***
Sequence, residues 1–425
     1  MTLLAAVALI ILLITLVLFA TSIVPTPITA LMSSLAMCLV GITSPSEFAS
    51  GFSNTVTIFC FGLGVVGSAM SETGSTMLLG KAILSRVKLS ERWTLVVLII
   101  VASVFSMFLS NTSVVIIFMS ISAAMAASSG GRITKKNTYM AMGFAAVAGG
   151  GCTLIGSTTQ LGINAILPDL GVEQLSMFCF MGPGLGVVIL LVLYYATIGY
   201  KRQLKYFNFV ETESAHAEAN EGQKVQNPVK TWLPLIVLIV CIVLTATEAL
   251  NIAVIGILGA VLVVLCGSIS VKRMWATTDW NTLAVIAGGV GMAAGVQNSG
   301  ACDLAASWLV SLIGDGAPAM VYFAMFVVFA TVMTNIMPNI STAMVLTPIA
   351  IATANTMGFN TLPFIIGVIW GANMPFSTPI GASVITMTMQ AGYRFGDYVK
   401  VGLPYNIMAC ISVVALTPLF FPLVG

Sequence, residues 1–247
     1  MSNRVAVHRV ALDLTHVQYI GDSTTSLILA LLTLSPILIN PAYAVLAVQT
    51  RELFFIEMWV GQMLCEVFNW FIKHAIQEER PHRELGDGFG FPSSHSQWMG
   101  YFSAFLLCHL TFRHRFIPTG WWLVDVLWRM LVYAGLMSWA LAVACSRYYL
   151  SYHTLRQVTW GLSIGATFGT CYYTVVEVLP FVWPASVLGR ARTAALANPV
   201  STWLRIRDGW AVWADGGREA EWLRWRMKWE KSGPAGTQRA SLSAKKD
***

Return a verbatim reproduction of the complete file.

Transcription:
Sequence, residues 1–425
     1  MTLLAAVALI ILLITLVLFA TSIVPTPITA LMSSLAMCLV GITSPSEFAS
    51  GFSNTVTIFC FGLGVVGSAM SETGSTMLLG KAILSRVKLS ERWTLVVLII
   101  VASVFSMFLS NTSVVIIFMS ISAAMAASSG GRITKKNTYM AMGFAAVAGG
   151  GCTLIGSTTQ LGINAILPDL GVEQLSMFCF MGPGLGVVIL LVLYYATIGY
   201  KRQLKYFNFV ETESAHAEAN EGQKVQNPVK TWLPLIVLIV CIVLTATEAL
   251  NIAVIGILGA VLVVLCGSIS VKRMWATTDW NTLAVIAGGV GMAAGVQNSG
   301  ACDLAASWLV SLIGDGAPAM VYFAMFVVFA TVMTNIMPNI STAMVLTPIA
   351  IATANTMGFN TLPFIIGVIW GANMPFSTPI GASVITMTMQ AGYRFGDYVK
   401  VGLPYNIMAC ISVVALTPLF FPLVG

Sequence, residues 1–247
     1  MSNRVAVHRV ALDLTHVQYI GDSTTSLILA LLTLSPILIN PAYAVLAVQT
    51  RELFFIEMWV GQMLCEVFNW FIKHAIQEER PHRELGDGFG FPSSHSQWMG
   101  YFSAFLLCHL TFRHRFIPTG WWLVDVLWRM LVYAGLMSWA LAVACSRYYL
   151  SYHTLRQVTW GLSIGATFGT CYYTVVEVLP FVWPASVLGR ARTAALANPV
   201  STWLRIRDGW AVWADGGREA EWLRWRMKWE KSGPAGTQRA SLSAKKD